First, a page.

If you want to enjoy a comfortable retirement without financial worries, you will need income outside Social Security. And this is where your personal savings come into play.
Of course, building a nest egg is no small feat – especially not these days, when inflation forces so many people to spend more on essentials like food and shelter. But if you want to grow your retirement savings in 2023, here are some essential tips to follow.
1. Claim your full 401(k) match
Many companies that offer 401(k) plans also match worker contributions to some degree. It’s important not only to understand what your match program looks like, but also to contribute enough funds to claim your match in full.
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If you don’t get your complete employer match, you will give up free money. But equally problematic is the fact that you will lose the opportunity to grow this employer contribution into a larger sum.
So let’s say you have the potential to get $3,000 employer match in your 401(k) in 2023. If you mark that payday and then invest it for 30 years at an annual return 8% average (which is a bit below the stock market average), you’ll turn it into just over $30,000. So all told, claiming even one employer match in a year could do a lot for your 401(k).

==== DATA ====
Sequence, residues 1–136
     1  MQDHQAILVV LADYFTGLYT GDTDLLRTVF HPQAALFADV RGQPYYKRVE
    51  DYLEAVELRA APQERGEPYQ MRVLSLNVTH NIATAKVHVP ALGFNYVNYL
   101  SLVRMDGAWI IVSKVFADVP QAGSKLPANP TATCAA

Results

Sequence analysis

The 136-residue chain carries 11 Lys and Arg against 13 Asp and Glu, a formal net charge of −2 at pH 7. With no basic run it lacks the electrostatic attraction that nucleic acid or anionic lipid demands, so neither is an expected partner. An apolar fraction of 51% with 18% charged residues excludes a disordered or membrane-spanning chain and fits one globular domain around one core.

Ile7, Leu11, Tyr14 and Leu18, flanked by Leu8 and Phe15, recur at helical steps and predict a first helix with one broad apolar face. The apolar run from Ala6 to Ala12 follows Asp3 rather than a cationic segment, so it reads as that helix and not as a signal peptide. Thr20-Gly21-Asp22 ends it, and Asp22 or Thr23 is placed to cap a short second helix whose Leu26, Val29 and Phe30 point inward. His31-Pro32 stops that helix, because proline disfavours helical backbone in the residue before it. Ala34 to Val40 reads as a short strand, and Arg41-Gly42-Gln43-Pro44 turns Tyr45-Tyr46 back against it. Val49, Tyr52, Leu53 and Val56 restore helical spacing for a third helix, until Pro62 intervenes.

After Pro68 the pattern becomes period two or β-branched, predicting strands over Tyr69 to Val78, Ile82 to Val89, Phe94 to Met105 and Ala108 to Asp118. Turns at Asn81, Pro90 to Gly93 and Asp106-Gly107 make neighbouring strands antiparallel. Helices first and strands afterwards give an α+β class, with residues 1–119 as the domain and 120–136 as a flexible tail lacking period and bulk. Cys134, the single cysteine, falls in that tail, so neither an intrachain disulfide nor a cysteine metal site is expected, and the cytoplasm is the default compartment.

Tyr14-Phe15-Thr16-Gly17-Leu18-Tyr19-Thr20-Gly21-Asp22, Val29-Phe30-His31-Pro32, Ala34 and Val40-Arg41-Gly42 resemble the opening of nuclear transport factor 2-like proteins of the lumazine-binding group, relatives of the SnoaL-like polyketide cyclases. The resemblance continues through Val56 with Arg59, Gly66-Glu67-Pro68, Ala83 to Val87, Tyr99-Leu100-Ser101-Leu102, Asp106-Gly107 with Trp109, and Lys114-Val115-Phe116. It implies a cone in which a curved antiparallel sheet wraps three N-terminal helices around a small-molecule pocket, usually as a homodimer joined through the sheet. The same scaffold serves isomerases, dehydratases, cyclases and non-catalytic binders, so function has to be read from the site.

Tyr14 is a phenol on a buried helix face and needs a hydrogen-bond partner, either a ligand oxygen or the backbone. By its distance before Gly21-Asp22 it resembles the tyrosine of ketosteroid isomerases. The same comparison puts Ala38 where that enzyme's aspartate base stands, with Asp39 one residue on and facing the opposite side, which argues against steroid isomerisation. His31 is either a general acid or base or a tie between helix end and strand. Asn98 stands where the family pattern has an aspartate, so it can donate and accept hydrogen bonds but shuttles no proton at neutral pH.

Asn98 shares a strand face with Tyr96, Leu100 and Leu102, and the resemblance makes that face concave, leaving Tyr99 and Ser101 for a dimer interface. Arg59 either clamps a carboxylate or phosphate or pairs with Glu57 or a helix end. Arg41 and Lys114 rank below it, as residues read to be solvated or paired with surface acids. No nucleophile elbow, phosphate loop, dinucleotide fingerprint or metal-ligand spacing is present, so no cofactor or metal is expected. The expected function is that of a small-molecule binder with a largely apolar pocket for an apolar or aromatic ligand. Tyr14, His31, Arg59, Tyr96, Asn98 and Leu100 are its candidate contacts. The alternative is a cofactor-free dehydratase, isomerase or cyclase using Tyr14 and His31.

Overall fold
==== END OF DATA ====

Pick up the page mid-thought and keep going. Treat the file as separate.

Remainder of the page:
2. Know the rules for catch-up contributions
Once you reach age 50, you are allowed to make catch-up contributions to a 401(k) or IRA. Now, a myth you might hear is that these catch-ups are only for people who are behind on savings. Not so. You are eligible to make them once you reach age 50, regardless of your 401(k) or IRA balance.
Meanwhile, catch-up contributions for 401(k)s increase in 2023. Currently, they are set at $6,500. Next year they will increase to $7,500. However, today’s $1,000 IRA catch-up contribution limit will not increase in the new year.
3. Look beyond 401(k)s and IRAs
You may be lucky enough to be able to maximize your 401(k) or IRA. But that doesn’t mean you shouldn’t try to save more for retirement on top of that. And one plan that you can check out in this regard is an HSA (Health Savings Account).
Although CGSs are designed to help people cover healthcare costs, they are easy to use as a retirement savings tool. Health care will likely be a big expense once your career is over, so having money in an HSA could save you from having to use your 401(k) or IRA as often.
Plus, once you turn 65, you can make withdrawals from an HSA for any purpose without penalty — you don’t have to limit yourself to healthcare-related expenses. So all in all, funding an HSA is really a risk-free proposition because you will have the ability to use that money no matter what.
A big nest egg could be your ticket to your dream retirement. Follow these tips to make 2023 the year you make big savings progress.
The $18,984 Social Security premium that most retirees completely overlook
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